You got a notice of issuance, paid the fees, and received the patent, so you’re home free, right? Wrong. Even before the new patent law, an issued patent was not necessarily a done deal. At any time during its term, and up to six years after it expired, an issued patent could be challenged.
U.S. patent laws and regulations allow for what’s called “reexamination.” Anyone can request a patent be reexamined. In fact, one can do so anonymously. Reexaminations, however, are not done capriciously. A request for a reexamination requires the requestor to furnish the grounds, and must be accompanied by the documentary references the requestor believes establish a substantial new question (called “a SNQ”) of patentability.
During the normal course of patent prosecution, a United States Patent and Trademark Office (USPTO) examiner will search for any documents or patents, U.S. or foreign, that could preclude issuing that patent. For example, it could be a patent issued more than a year before the current application’s filing date that discloses and claims an invention that is indistinguishable from that application’s invention. Also, if the examiner finds that an invention has been publicly described or offered for sale more than a year before application filing date; that, too, would preclude that invention receiving a patent.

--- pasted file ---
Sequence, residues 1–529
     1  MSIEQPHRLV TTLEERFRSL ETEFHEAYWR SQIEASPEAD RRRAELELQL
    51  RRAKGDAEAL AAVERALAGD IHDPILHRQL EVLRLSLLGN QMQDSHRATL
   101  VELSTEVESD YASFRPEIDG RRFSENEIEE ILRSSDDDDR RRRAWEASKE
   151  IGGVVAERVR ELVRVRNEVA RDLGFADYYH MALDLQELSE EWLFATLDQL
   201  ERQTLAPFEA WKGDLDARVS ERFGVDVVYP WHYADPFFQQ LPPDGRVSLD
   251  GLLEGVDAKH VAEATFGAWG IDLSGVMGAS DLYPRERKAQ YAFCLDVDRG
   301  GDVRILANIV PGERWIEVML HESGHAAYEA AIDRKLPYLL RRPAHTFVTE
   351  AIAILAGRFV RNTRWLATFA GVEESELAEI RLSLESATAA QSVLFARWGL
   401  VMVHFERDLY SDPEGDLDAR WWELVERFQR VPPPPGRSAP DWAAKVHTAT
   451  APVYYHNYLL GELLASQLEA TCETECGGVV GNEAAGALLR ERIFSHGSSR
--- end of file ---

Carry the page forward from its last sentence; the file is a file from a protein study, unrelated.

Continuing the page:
However, a reexamination cannot be requested based on evidence that something was offered for sale more than a year before the issue date. A SNQ requires proof, for example, that a patent or document describes that issued-patent’s invention and is more than a year older than its filing date. Or, it can involve a set of patents and/or documents that pre-date the application filing date by more than a year, none of which describes the issued-patent’s invention, but the combination of which would make the invention obvious to those who read them.
The reexamination process begins with a request that is then followed by notification of such to the patent holder. If the examiner does not agree that a SNQ is raised, the request is denied. On the other hand, if the examiner believes that a SNQ has been raised, it triggers the initiation of a reexamination proceeding.
Cutting to the chase, a reexamination proceeding can find that none of the claims in the issued patent are invalidated by the reexamination evidence. Or, it could find some or all of them are invalidated. Reexamination is the USPTO’s way of rectifying prosecution shortcomings. The new law now allows for a post-grant review which has a deadline for filing that is no later than nine months after the grant date. In addition to the same SNQ qualifications of a request for reexamination, a post-grant review can also be instituted if the petition “raises a novel or unsettled legal question that is important to other patents or patent applications.”
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